Cameronians (Scottish Rifles)
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|Cameronians (Scottish Rifles)|
Cap Badge of the Cameronians (Scottish Rifles)
|Active||1 July 1881–14 May 1968|
|Size||2 Regular battalions
2 Militia battalion
2 - 4 Territorial and Volunteer battalions
Up to 12 hostilities-only battalions
|Part of||Lowland Brigade|
|Garrison/HQ||Winston Barracks, Lanark|
|Nickname(s)||The Poison Dwarves. Not a popular nickname as it was derogatory.|
|Motto||Nemo Me Impune Lacessit (Nobody Attacks Me With Impunity) (Latin)|
|March||Quick – Within a mile of Edinboro Town
Slow – The Garb of Old Gaul
|Colonel in Chief||HM King Gustaf VI Adolf|
|Major General Henry Templar Alexander, CB CBE DSO|
The Cameronians (Scottish Rifles) was an rifle regiment of the British Army, the only regiment of rifles amongst the Scottish regiments of infantry. It was formed in 1881 under the Childers Reforms by the amalgamation of the 26th Cameronian Regiment and the 90th Perthshire Light Infantry. In 1968, the regiment was one of two infantry regiments that decided to disband rather than amalgamate with another regiment, the other being the York and Lancaster Regiment.
- 1 History
- 2 First World War
- 3 Second World War
- 4 Post-war
- 5 Traditions
- 6 Honours and affiliations
- 7 Notable former members of the regiment
- 8 The Cameronians Museum
- 9 Memorials
- 10 References
- 11 External links
After the amalgamation, the 1st Battalion preferred to be known as "The Cameronians" while the 2nd preferred to be known as "The Scottish Rifles" and relations between the two battalions were correct rather than friendly. The regiment saw service during the Second Boer War in South Africa.
First World War
The regiment raised 27 battalions during the First World War. The Territorial Force 5th, 6th, 7th, and 9th Battalions also served in Europe (the 5th, 6th and 7th with the 52nd (Lowland) Division, the 9th with the 15th (Scottish) Division).
Second World War
The regiment saw service in World War II. The 1st Battalion saw action in the Burma Campaign, while the 2nd Battalion was in Europe. The Territorial Army battalions, the 6th and 7th, both part of 156th Infantry Brigade fought in Europe, alongside the 10th Battalion.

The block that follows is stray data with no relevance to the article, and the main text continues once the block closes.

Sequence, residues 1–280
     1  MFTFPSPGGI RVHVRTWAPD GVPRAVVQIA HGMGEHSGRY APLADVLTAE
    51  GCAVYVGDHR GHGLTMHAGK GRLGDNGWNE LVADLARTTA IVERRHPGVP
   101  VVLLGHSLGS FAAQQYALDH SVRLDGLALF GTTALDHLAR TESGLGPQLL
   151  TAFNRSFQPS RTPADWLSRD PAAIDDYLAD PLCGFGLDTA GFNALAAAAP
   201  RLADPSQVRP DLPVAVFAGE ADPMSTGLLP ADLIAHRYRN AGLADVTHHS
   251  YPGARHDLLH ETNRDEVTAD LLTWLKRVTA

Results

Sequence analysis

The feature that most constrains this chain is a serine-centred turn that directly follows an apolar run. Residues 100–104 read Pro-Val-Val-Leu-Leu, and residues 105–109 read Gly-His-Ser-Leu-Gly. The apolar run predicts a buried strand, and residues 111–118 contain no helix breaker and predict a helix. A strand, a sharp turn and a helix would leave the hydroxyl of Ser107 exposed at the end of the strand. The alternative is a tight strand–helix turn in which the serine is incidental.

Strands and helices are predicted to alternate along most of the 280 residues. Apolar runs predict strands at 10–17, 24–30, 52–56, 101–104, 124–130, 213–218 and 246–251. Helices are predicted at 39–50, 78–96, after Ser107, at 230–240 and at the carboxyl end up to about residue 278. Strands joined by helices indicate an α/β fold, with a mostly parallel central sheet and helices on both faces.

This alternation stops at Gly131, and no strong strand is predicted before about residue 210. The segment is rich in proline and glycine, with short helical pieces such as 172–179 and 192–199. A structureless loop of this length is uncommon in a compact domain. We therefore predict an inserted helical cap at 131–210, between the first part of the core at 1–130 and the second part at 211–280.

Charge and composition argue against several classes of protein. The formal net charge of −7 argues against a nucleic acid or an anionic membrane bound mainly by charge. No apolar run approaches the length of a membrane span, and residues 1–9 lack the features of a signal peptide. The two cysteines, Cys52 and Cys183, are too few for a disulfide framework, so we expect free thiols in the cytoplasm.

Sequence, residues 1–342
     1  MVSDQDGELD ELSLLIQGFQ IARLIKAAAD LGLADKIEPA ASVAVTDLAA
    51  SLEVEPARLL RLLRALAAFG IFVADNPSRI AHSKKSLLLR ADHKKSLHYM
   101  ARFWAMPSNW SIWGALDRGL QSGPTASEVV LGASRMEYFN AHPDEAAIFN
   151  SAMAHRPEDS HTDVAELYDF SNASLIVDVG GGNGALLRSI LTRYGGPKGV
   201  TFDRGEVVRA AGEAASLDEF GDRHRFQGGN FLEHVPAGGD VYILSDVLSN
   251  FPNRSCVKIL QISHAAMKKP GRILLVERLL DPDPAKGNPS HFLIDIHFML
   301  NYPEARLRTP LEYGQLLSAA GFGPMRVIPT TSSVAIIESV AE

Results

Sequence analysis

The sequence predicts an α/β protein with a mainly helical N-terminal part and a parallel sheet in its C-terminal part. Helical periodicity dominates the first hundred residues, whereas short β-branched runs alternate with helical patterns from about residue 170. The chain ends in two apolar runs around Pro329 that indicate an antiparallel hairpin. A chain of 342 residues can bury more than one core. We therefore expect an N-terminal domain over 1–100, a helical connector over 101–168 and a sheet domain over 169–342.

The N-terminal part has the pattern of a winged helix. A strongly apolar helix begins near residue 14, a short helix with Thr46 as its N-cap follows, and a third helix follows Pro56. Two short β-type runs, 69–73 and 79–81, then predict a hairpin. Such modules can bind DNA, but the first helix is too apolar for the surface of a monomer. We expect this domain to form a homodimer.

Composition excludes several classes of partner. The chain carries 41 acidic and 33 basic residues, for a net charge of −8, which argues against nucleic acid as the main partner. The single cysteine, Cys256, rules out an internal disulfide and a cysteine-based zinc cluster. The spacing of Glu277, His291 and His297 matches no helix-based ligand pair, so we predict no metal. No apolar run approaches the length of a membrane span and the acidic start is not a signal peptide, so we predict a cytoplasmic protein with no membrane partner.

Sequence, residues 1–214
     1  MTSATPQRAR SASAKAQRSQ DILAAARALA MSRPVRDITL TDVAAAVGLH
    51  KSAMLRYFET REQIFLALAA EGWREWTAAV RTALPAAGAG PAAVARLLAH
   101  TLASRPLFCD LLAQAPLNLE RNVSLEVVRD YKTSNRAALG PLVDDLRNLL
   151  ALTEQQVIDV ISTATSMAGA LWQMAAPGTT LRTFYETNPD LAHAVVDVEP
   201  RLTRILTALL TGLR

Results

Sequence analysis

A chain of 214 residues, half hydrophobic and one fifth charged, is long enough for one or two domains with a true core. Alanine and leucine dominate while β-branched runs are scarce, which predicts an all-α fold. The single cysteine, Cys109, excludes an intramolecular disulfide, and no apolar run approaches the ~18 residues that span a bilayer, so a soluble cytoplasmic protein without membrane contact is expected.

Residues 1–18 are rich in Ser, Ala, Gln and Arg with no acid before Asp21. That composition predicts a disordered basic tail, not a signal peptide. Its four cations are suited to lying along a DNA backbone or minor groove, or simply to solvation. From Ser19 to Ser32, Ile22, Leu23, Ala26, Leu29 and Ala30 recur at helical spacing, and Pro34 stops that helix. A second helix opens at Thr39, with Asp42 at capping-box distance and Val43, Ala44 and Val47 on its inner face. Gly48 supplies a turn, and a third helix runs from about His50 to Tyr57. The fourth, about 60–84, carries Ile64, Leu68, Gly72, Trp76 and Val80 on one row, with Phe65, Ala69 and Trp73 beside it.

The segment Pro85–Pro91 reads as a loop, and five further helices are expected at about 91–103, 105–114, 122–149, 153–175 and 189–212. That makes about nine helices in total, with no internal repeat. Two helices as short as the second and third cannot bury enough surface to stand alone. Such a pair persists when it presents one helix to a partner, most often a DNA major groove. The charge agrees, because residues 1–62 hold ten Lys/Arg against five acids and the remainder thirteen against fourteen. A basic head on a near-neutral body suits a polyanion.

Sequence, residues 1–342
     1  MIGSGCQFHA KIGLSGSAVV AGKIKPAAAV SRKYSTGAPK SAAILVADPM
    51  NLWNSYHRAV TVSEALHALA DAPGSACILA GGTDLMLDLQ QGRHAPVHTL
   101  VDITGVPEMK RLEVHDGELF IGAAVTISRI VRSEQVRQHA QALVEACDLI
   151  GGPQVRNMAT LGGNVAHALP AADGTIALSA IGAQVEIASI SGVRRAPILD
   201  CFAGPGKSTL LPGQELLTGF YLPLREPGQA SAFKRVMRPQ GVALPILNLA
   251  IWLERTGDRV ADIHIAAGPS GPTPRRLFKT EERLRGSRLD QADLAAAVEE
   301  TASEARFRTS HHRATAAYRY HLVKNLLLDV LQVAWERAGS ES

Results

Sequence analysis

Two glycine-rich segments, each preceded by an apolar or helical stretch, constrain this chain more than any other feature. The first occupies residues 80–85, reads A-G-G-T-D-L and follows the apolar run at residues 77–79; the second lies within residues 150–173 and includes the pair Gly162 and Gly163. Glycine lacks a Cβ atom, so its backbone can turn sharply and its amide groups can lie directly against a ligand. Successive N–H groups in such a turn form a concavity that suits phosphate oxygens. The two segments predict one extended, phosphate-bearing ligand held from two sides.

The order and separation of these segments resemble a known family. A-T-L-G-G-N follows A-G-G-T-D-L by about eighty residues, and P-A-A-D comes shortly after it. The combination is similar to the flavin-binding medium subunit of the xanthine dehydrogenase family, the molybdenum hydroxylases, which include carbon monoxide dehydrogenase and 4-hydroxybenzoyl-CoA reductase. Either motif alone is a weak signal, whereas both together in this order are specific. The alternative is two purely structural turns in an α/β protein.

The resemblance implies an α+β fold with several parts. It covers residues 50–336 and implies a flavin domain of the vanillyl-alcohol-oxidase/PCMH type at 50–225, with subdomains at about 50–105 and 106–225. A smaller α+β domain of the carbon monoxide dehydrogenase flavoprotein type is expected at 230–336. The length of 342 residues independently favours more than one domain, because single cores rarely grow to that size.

In 1948, along with every other infantry regiment of the British Army, the Cameronians was reduced to a single regular battalion. Under the reforms of the army in the 1966 Defence White Paper, which saw several regiments amalgamated, the Cameronians chose to disband rather than amalgamate with another regiment in the Lowland Brigade. The 1st Battalion, The Cameronians was disbanded on 14 May 1968 at Douglas Castle, near Douglas, South Lanarkshire in the presence of the Duke of Hamilton. Its recruiting area in Lanarkshire and Dumfries and Galloway taken over by the King's Own Scottish Borderers and the Regimental Headquarters finally closed in 1987. However, the name of the Cameronians continued through the Territorial Army, with two companies of the 52nd Lowland Regiment badged as Cameronians. One company was disbanded in 1992, the other was rebadged as the King's Own Scottish Borderers in 1997.
In honour of the regiment's first Colonel, James Douglas, Earl of Angus the tartan was that of the House of Douglas, which was worn as trews by all ranks (except the regiment's pipers, who wore kilts). Until 1914 the regiment wore a unique full dress uniform, comprising a rifle green shako with black upright plume, rifle green doublet and Douglas tartan trews.